Winter 2012: Teaching By The Numbers

  • Created 6 March 2012; Published 26 April 2012
    LTC: Organizing for Creativity

    Do we need to be organized to be creative? Routine tasks—organizing notes, images, and other files—can free up the intellectual (and emotional) space for meaningful work. How can we instill in students habits that allow them to answer the question: If you gather it or create it, can you reliably and quickly find it again?

    Heidi Eyestone, curator of the visual resources collection, Department of Art and Art History; Paula Lackie, academic technologist; and Kristin Partlo, reference and instruction librarian for social sciences and data

  • Created 28 February 2012; Published 26 April 2012
    LTC: Running our Favorite Numbers in the Classroom

    Chris Jordan’s art in “Running the Numbers” (on display in the Teaching Museum) deconstructs large numbers for the casual viewer. Come hear about how faculty in different disciplines help students understand a variety of important numbers, from the very small to the very large.

    Co-sponsored by QuIRK (Quantitative Inquiry, Reasoning and Knowledge) Initiative

    Mija Van Der Wege, associate professor of psychology, director of the QuIRK initiative; and Neil Lutsky, William R. Kenan, Jr. Professor of Psychology

  • Created 21 February 2012; Published 26 April 2012
    LTC: Analyze This!

    This year the Education and Curriculum Committee (ECC) is studying our students’ ability to analyze evidence as part of our regular assessment plan. At this session, the subcommittee will present its draft report and solicit feedback. Come hear their observations and offer your suggestions for this work-in-progress.

    Jeff Ondich, professor of mathematics and computer science, ECC cochair; Mija Van Der Wege, associate professor of psychology; and Andrea Nixon, director of curricular and research support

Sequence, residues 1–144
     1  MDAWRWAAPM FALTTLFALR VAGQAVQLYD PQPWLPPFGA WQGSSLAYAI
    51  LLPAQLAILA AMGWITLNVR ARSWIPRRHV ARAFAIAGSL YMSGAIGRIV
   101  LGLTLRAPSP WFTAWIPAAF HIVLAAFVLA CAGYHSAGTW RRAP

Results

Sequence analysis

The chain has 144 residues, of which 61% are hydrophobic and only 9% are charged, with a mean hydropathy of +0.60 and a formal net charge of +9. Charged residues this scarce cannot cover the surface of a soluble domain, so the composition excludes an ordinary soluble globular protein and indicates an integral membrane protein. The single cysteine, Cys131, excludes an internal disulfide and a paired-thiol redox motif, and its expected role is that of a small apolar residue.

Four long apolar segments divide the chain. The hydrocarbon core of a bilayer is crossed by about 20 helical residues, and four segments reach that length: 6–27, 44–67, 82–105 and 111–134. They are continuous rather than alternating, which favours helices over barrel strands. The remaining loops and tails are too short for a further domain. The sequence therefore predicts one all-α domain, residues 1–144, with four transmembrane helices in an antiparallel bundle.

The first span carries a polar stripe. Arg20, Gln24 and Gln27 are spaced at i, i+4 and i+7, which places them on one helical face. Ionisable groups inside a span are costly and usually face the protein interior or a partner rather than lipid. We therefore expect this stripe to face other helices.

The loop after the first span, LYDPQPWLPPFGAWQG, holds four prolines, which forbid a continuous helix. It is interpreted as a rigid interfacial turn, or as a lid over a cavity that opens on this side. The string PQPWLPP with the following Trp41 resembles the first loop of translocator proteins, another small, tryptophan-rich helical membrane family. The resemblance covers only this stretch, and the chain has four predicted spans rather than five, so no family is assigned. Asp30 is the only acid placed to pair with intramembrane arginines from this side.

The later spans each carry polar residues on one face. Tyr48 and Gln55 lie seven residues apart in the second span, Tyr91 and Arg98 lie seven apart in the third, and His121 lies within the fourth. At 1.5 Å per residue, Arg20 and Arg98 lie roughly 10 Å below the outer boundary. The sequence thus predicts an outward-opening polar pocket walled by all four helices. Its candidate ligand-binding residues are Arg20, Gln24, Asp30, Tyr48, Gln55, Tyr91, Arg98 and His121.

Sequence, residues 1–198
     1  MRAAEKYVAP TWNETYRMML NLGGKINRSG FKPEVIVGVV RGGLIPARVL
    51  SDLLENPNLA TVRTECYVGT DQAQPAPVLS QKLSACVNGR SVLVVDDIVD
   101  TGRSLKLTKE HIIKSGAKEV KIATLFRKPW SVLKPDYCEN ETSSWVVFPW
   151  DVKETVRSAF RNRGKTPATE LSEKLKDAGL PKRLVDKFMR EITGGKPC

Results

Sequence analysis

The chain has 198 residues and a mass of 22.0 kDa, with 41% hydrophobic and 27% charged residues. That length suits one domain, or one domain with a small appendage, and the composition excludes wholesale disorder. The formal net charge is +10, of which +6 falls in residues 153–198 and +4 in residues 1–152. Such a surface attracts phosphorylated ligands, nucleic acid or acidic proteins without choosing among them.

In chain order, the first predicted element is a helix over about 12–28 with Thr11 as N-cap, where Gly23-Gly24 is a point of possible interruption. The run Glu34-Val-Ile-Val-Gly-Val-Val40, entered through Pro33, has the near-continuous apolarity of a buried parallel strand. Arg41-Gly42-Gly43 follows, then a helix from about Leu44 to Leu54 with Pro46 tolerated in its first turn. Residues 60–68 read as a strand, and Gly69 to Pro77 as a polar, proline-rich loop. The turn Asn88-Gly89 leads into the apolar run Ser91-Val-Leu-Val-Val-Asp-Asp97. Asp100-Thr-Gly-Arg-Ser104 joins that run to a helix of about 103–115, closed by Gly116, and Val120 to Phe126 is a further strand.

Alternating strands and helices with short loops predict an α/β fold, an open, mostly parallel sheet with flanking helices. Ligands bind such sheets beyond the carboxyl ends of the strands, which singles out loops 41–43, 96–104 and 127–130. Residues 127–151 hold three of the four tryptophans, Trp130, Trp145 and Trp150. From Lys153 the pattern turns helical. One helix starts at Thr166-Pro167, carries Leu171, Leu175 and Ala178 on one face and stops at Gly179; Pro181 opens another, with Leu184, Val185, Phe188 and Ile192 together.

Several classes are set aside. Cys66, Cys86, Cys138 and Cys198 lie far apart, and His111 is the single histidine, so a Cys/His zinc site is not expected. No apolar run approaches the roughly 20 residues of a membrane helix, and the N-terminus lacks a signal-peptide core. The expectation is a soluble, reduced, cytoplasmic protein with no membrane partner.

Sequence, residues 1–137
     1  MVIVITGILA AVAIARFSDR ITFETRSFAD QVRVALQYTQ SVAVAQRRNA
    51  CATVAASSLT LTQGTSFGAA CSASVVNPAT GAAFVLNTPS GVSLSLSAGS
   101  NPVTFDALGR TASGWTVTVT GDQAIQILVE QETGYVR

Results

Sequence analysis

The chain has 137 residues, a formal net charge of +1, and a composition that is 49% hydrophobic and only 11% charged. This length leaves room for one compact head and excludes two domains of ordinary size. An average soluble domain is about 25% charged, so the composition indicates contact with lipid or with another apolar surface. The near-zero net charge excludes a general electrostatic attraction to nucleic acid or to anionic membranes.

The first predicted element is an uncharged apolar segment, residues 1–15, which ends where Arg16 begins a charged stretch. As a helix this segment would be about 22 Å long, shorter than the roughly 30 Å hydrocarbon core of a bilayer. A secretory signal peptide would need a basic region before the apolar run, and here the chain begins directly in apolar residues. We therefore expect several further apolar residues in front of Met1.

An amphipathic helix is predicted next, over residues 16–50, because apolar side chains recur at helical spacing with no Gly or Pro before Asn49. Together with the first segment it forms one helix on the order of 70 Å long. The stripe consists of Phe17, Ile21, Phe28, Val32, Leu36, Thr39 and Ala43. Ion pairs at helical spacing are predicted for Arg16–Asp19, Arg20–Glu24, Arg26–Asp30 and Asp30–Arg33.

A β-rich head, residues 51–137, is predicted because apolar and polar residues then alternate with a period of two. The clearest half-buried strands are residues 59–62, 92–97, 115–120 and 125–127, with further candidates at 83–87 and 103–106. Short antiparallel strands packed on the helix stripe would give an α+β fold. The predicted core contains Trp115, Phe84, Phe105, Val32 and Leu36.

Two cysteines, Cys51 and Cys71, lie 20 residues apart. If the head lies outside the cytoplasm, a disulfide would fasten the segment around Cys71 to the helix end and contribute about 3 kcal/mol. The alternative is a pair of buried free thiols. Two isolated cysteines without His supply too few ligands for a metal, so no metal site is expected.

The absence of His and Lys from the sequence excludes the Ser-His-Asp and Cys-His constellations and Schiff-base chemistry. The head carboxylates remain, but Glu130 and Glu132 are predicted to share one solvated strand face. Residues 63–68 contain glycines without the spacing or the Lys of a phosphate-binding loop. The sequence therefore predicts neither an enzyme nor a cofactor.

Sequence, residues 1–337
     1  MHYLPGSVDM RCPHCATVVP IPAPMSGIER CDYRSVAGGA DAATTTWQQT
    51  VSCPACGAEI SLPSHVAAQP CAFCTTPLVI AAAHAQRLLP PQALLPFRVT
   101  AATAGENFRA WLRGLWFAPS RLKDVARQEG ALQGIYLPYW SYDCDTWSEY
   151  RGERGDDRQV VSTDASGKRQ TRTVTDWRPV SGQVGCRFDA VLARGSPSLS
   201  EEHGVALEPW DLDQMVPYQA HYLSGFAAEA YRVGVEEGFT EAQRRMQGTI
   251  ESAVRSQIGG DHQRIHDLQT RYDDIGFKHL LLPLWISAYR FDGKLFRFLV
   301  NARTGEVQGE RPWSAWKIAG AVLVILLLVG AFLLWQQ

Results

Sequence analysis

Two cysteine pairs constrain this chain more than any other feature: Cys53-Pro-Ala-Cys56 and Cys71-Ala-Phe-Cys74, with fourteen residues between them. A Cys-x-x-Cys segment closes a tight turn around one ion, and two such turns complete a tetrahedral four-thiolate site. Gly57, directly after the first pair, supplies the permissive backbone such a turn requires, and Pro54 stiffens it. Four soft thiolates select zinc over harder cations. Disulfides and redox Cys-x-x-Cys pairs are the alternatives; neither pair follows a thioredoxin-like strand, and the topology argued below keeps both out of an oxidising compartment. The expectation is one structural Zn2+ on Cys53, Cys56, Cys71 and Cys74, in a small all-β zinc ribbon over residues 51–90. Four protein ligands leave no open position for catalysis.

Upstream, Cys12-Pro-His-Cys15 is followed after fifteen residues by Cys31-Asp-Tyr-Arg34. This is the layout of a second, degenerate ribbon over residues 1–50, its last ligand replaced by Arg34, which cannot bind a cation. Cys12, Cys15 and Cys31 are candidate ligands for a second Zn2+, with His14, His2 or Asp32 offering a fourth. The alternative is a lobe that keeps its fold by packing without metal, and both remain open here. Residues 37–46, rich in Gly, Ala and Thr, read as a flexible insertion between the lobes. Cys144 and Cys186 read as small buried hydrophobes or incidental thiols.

• Created 7 February 2012; Published 26 April 2012
    LTC: Teaching 4.0: What’s in a Grade?

    We give them, they get them—but what do they mean? This session will explore the difficulties of grading for faculty and the meaning of those grades for students. Join us for some honest and revealing conversation about those little letters that function—for better or worse—as “the coin of the realm.”

    Constance Walker, professor of English; Eric Egge, associate professor of mathematics; Sam Keller ’12, physics major; and Yuvika Diwan ’13, political science/international relations major

  • Created 31 January 2012; Published 26 April 2012
    LTC: Advising the Whole Student

    How do we talk to advisees so that they will listen, and listen to them so that they will talk? How much should we guide them and how much should we let them make their own decisions? Learn from experienced colleagues how they have gone beyond course selection and off-campus study options to more comprehensive advising.

    Kathryn Steed, assistant professor of classical languages (convener); Gretchen Hofmeister, associate professor of chemistry; Fernan Jaramillo, professor of biology; and Beth McKinsey, professor of English and American Studies

  • Created 10 January 2012; Published 26 April 2012
    LTC: Playing in the Sandbox: Reports From the First Term in Weitz 235

    This fall, four professors and their intrepid students tried out the Weitz Center’s new ‘sandbox’ classroom for the first time. Come discover what they learned—what worked, what didn’t, and some ideas for the future.

    Cosponsored by CISMI (Carleton Interdisciplinary Science and Math Initiative)

    Jeff Ondich, professor of computer science; David Liben-Nowell, associate professor of computer science; Aaron Swoboda, assistant professor of environmental studies and economics; and Greg Marfleet, associate professor of political science

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